To The Last Man (Chapter 9, page 1 of 16)


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Chapter 9

Half a mile from the Isbel ranch the cavalcade passed the log cabin of Evarts, father of the boy who had tended sheep with Bernardino.

It suited Gaston Isbel to halt here. No need to call! Evarts and his son appeared so quickly as to convince observers that they had been watching.

"Howdy, Jake!" said Isbel. "I'm wantin' a word with y'u alone."

"Shore, boss, git down an' come in," replied Evarts.

Isbel led him aside, and said something forcible that Jean divined from the very gesture which accompanied it. His father was telling Evarts that he was not to join in the Isbel-Jorth war. Evarts had worked for the Isbels a long time, and his faithfulness, along with something stronger and darker, showed in his rugged face as he stubbornly opposed Isbel. The old man raised his voice: "No, I tell you. An' that settles it."

They returned to the horses, and, before mounting, Isbel, as if he remembered something, directed his somber gaze on young Evarts.

"Son, did you bury Bernardino?"

"Dad an' me went over yestiddy," replied the lad. "I shore was glad the coyotes hadn't been round."

"How aboot the sheep?"

"I left them there. I was goin' to stay, but bein' all alone--I got skeered.... The sheep was doin' fine. Good water an' some grass. An' this ain't time fer varmints to hang round."

"Jake, keep your eye on that flock," returned Isbel. "An' if I shouldn't happen to come back y'u can call them sheep yours.... I'd like your boy to ride up to the village. Not with us, so anybody would see him. But afterward. We'll be at Abel Meeker's."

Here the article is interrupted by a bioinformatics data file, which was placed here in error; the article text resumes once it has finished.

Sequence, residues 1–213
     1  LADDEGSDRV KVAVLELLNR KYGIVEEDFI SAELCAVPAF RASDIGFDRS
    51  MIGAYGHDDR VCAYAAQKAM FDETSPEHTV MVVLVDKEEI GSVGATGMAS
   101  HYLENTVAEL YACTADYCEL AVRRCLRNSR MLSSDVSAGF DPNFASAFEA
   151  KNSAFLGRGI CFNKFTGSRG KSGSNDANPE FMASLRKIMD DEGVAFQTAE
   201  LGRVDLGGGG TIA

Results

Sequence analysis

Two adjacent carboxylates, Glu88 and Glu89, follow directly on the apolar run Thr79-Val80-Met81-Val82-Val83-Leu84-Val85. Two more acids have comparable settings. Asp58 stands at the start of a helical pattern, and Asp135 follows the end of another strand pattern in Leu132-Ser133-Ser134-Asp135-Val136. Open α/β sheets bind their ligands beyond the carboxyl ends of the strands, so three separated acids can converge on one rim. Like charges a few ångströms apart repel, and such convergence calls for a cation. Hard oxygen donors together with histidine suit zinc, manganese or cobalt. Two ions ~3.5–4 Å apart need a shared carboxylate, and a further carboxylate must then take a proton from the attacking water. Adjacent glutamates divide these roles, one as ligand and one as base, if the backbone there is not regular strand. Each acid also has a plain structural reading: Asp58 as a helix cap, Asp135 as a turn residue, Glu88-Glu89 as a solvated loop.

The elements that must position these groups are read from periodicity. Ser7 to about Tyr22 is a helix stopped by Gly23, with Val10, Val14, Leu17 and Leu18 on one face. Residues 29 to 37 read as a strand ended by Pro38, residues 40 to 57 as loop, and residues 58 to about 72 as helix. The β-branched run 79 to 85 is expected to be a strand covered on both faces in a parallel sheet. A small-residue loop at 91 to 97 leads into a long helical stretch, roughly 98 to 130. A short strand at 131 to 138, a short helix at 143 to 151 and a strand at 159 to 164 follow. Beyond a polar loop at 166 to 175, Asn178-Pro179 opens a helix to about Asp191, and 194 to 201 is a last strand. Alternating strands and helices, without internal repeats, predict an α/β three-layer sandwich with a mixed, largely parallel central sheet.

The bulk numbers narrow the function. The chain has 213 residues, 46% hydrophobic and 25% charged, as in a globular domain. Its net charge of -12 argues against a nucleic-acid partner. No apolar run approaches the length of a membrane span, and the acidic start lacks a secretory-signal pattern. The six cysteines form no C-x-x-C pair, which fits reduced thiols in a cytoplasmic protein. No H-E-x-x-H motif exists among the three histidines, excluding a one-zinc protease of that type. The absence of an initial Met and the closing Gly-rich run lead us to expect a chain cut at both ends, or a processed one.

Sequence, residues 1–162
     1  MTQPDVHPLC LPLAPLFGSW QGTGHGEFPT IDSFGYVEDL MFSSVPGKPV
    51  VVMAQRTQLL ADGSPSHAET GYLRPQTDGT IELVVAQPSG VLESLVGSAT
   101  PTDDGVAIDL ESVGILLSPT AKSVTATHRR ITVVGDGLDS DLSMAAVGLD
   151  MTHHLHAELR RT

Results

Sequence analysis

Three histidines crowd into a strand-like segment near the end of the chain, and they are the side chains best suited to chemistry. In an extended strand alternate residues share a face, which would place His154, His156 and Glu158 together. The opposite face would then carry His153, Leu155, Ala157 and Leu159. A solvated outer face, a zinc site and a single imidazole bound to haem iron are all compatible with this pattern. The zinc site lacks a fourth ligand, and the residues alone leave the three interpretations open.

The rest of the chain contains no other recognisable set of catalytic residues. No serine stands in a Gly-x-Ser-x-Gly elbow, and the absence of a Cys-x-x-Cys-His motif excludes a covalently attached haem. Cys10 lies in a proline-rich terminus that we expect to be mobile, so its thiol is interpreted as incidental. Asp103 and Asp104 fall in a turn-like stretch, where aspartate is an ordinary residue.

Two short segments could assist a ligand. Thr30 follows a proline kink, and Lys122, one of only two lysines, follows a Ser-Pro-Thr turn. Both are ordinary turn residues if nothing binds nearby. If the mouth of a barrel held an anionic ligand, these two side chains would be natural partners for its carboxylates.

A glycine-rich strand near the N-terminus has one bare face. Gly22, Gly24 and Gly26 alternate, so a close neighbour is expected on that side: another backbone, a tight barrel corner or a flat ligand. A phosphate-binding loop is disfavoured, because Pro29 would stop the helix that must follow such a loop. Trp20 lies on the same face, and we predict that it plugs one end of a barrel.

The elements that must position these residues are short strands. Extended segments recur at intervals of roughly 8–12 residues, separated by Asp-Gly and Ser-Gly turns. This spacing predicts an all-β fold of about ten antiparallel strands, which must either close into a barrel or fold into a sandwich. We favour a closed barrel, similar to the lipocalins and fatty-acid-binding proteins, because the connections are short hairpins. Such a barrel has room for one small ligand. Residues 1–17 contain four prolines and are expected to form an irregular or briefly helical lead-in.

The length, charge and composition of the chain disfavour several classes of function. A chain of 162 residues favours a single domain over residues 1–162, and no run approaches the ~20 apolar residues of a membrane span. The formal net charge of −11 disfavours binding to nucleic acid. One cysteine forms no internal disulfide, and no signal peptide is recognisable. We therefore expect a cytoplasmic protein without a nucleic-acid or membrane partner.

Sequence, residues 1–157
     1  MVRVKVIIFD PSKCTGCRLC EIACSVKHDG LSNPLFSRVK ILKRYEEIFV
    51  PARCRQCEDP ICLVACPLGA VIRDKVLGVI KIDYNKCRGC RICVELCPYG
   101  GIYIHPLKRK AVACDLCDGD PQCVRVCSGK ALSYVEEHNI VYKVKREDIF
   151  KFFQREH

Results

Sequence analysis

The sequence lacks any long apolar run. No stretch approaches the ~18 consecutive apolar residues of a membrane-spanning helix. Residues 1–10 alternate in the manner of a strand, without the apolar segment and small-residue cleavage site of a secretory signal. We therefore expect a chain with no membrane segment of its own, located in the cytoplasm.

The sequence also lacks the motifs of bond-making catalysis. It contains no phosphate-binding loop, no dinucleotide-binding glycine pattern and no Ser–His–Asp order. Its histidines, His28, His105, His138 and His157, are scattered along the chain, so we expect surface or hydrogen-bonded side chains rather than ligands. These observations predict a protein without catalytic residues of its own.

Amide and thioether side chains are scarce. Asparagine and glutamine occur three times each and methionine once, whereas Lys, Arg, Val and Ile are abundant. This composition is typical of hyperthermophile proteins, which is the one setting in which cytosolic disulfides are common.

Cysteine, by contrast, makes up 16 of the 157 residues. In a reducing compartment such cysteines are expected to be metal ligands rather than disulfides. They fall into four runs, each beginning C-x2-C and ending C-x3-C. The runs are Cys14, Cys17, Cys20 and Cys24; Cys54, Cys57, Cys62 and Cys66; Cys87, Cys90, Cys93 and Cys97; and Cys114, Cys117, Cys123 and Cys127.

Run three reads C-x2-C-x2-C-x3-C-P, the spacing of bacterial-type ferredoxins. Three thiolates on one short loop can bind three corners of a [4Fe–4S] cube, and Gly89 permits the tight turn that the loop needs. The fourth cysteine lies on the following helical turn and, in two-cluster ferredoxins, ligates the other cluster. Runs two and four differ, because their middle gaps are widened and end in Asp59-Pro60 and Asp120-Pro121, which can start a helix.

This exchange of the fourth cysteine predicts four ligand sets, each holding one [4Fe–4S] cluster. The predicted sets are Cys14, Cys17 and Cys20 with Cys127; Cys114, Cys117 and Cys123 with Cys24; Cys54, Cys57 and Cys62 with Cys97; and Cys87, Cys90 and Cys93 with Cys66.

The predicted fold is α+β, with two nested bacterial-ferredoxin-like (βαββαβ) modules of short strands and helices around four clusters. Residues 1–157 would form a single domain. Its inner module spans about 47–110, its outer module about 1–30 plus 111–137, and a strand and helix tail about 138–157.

Again Jean was confronted with an uneasy premonition as to some idea or plan his father had not shared with his followers. When the cavalcade started on again Jean rode to his father's side and asked him why he had wanted the Evarts boy to come to Grass Valley. And the old man replied that, as the boy could run to and fro in the village without danger, he might be useful in reporting what was going on at Greaves's store, where undoubtedly the Jorth gang would hold forth. This appeared reasonable enough, therefore Jean smothered the objection he had meant to make.

The valley road was deserted. When, a mile farther on, the riders passed a group of cabins, just on the outskirts of the village, Jean's quick eye caught sight of curious and evidently frightened people trying to see while they avoided being seen. No doubt the whole settlement was in a state of suspense and terror. Not unlikely this dark, closely grouped band of horsemen appeared to them as Jorth's gang had looked to Jean. It was an orderly, trotting march that manifested neither hurry nor excitement. But any Western eye could have caught the singular aspect of such a group, as if the intent of the riders was a visible thing.

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